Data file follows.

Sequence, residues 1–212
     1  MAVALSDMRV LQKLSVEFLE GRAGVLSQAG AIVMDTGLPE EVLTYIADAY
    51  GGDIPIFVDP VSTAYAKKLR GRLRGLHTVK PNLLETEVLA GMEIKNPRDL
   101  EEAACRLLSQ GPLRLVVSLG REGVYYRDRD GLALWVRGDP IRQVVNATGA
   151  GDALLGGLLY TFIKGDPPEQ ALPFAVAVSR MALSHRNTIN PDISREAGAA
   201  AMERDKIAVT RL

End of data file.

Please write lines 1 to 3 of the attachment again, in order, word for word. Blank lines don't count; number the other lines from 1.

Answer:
Sequence, residues 1–212
     1  MAVALSDMRV LQKLSVEFLE GRAGVLSQAG AIVMDTGLPE EVLTYIADAY
    51  GGDIPIFVDP VSTAYAKKLR GRLRGLHTVK PNLLETEVLA GMEIKNPRDL